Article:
The major surface protease (msp or gp63) of Leishmania plays a major role in the host–parasite interaction. We analysed here the structure of the msp gene locus in Leishmania (Viannia) braziliensis and compared it to results obtained in other species. Physical mapping of cosmid contigs revealed a minimum of 37 genes per haploid genome and at least 8 different msp gene families. Within the same organism, these genes showed a nucleotide sequence varying in certain stretches from 3 to 34%, and a mosaic structure. From an evolutionary point of view, major differences were observed between subgenera Viannia and Leishmania, both in terms of msp gene number and sequence. Within subgenus Viannia, phenetic analysis revealed three clusters in which sequence variants of L. (Viannia) braziliensis and L. (Viannia) guyanensis were interspersed. Functional implications of our results were explored from predicted L. (Viannia) braziliensis protein sequences: regions encoding the msp catalytic site showed a conserved sequence, while regions encoding surface domains possibly involved in the host–parasite interaction (macrophage adhesion sites and immunodominant B-cell and T-cell epitopes) were variable. We speculate that this would be an adaptive strategy of the parasite.
Increased growth of meningiomas during pregnancy as well as postpartum clinical regression of symptoms have been reported but remain poorly understood. A better understanding of the factors that contribute to these observations, including potential factors associated with pregnancy, could enable design of more effective adjuvant therapies.
We describe the presentation of a meningioma during the immediate postpartum period. Serial imaging demonstrated subsequent rapid decrease in size of the tumour prior to any intervention. The lesion was resected, and the tissue was subjected to immunostaining for gene products associated with pregnancy, including estrogen receptor (ER), progesterone receptor (PR), platelet-derived growth factor receptor B (PDGFRB), fibroblastic growth factor receptor 2 (FGFR-2), epidermal growth factor receptor (EGFR) and human placental lactogen (hPL).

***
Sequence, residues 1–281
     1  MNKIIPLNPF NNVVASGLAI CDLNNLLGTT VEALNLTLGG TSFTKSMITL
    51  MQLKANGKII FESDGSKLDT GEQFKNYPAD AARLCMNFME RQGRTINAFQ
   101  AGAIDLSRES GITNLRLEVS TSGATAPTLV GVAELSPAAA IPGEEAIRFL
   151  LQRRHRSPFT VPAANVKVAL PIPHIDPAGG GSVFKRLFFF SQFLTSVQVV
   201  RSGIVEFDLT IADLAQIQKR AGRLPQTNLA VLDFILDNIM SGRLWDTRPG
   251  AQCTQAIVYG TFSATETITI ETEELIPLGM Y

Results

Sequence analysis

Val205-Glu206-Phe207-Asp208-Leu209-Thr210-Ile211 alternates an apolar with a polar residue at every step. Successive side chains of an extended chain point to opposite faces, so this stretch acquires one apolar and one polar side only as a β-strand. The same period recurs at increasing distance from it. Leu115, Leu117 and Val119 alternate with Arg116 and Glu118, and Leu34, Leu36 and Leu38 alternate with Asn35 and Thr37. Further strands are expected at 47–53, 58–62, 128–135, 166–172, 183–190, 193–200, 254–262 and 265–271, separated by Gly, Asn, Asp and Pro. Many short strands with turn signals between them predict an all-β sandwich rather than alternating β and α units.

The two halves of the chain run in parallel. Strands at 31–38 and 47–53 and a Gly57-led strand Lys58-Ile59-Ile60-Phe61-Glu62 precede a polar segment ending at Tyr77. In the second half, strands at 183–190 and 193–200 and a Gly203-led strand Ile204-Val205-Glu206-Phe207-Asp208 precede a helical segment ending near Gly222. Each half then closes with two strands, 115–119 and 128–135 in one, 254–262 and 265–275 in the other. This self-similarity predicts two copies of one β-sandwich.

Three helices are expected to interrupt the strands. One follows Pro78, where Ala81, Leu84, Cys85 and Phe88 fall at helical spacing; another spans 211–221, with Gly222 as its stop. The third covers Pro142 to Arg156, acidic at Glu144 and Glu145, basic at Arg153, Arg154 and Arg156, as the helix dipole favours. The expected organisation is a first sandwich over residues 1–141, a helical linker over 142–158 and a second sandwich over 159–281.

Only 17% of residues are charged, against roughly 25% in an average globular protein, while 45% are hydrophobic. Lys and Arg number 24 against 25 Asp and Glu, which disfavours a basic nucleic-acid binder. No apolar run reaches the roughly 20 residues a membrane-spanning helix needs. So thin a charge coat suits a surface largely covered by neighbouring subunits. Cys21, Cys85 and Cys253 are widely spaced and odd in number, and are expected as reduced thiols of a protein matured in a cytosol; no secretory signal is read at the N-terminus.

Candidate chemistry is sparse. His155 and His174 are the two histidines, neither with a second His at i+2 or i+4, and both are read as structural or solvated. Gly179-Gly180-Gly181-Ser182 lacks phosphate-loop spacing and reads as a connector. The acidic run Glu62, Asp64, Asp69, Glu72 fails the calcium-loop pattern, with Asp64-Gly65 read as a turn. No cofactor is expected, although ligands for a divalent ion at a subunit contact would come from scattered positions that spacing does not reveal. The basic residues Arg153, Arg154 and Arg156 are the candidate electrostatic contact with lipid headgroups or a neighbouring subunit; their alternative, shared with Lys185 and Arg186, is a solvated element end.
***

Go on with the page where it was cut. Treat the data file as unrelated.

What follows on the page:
The lesion proved to be an atypical fibroblastic meningioma grade II (WHO). Immunostaining demonstrated significant staining for PR, PDGFRB, and FGFR-2. No specific staining for ER, EGFR, or hPL was identified.
Although clinical regression of meningioma following pregnancy is well-recognized, imaging data are much less abundant. This report provides clear clinical and imaging documentation of a meningioma associated with pregnancy. In addition, the growth factor profile of this tumour suggests the importance of PR, PDGFRB, and FGFR-2 as potential therapeutic targets.
Although, in principle, states decide completely autonomously which persons are given their nationality, they can limit their autonomy by concluding treaties with each other. Thereby they accept certain international obligations. This article contains critical reflections on the nationality law of the Netherlands in international perspective. The authors provide an overview of the treaties that are relevant in the field of nationality law and that have been ratified by the Netherlands. They proceed by describing the nationality law of the Netherlands. The various grounds for the acquisition – ex lege, by declaration of option and by naturalisation – and loss of Netherlands nationality are discussed. Special attention is paid to the relation of the new provisions of the Nationality Act with the international obligations deriving from the treaties that have been ratified by the Netherlands. The authors conclude that, although some modifications to the Nationality Act that were realised in 2003 were aimed specifically at bringing Netherlands nationality law better in compliance with international obligations, there are still several points which are problematic in perspective of international law.